I have written up a draft of my results and methods. I have had some feedback on my results section and was told to write my introduction by expanding my 9 month reports introduction. I am just not really sure how to write a thesis but no one wants to give me any help.

The dean and my supervisor that left are best friends so he is only willing to help as long as my supervisor agrees which he isn't. This means the dean can only help in a minimalistic and very subtle way. My supervisor won't let me use my budget money without his approval so it is impossible to order anything without him knowing.

I think perhaps I will stay another month and see if the situation gets any better before making a decision. Although leaving or downgrading to a MPhil is sort of impossible as my supervisor is making it very difficult - refusing to write a reference if I do either. My supervisor has begged me to stay as they have lost 2x PhD students recently already to give you an idea of how bad this is. In other words I am the only person in the lab generating data and looking after undergraduates.
posted
14-Jan-18, 19:29
edited about 1 minute later
by Dunham
Avatar for Dunham
posted about 3 months ago
I honestly don't understand why you even consider to leave.
Most of what you say is relatively normal. For example, It is rather uncommon that supervisors beyond the post doc level have the time to show you techniques in the lab. Most of them probably haven't been working in the lab for quite some time and are therefore anyway a bad choice to learn new techniques. Most of my PhD colleagues have a meeting with their boss every 4-6 weeks where results and future experiments are discussed but besides that, they are on their own. You can always ask colleagues for advice but to some extent you just have to acquire the knowledge yourself and try it.

Your PhD is going so incredibly well that you could write up and finish in 1.5 years. This is exceptional, whether or not you knew the techniques before. If you are really annoyed by the environment and your supervisor, then my suggestion would be to write up and search for a follow up position that provides you with more training opportunities. With a PhD in 1.5 years (many struggle to finish in 4) you should have no troubles to find something new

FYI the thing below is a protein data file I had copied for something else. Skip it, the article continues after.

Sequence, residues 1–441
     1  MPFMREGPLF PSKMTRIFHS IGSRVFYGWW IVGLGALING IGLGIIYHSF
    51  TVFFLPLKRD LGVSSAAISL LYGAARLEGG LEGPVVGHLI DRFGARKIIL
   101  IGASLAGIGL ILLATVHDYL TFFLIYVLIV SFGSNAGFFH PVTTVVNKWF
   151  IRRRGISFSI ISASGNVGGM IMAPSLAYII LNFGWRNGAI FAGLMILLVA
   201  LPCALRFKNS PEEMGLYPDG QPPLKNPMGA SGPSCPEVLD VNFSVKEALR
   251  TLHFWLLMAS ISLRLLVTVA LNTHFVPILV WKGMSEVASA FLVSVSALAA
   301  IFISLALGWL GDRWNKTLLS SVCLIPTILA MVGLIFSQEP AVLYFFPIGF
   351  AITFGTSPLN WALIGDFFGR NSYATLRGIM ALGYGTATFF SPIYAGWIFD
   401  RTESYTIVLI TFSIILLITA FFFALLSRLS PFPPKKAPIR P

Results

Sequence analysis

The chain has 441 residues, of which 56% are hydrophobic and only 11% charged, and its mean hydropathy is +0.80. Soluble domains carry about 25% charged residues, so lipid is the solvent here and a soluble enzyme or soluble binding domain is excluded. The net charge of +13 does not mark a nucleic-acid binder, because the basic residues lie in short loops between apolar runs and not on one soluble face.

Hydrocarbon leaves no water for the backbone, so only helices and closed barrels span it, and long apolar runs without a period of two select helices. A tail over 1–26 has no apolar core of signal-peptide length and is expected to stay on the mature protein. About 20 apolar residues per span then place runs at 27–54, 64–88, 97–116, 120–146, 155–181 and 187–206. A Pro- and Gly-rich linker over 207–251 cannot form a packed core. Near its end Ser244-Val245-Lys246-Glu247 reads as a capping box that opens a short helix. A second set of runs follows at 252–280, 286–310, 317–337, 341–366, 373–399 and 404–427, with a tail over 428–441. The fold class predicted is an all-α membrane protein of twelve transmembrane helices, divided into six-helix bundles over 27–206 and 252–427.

posted
15-Jan-18, 15:20
edited about 14 seconds later
Avatar for justagirl23345
posted about 3 months ago
I appreciate that normally a supervisor wouldn't come into the lab to show their students techniques but the thing is there is no post-doc or any other student in my lab to show me how to do things. It is literally me and my supervisor. My other supervisor point blank refuses to help with anything despite having a massive lab with plenty of post-docs and PhD students in it. Other labs in the department are not willing to teach other people's students and this really goes back to the politics again. At the moment I would not have the skills to do a post-doc in terms of the lab as I know very few techniques and this is where my frustration lies in that I have no one to teach me and a supervisor reluctant to let me learn new things even if they would benefit my project.

My supervisor meets with me often but he doesn't let me plan far in the future so I end up in this limbo situation where I can't move my project forward without his approval which is very hard to get.

It is always nice to hear though that my project is going well.
posted
15-Jan-18, 21:17
by melodie
Avatar for melodie
posted about 3 months ago
Hi justagirl,

I think I can empathise with your frustrations as I have also been attempting labwork in a situation without a labgroup to ask for advice. My project is based on novel and new experiments where i had to set up a whole mini lab for myself for my work in a different department. I was however shown some basics by the lab manager in that department, so is there no equivalent where you are? Regarding my specific experiments, I just looked at literature and adapted.

I can't really offer much more advice than that as my own PhD is in a bit of a mess for other reasons, but I hope you find a way forward!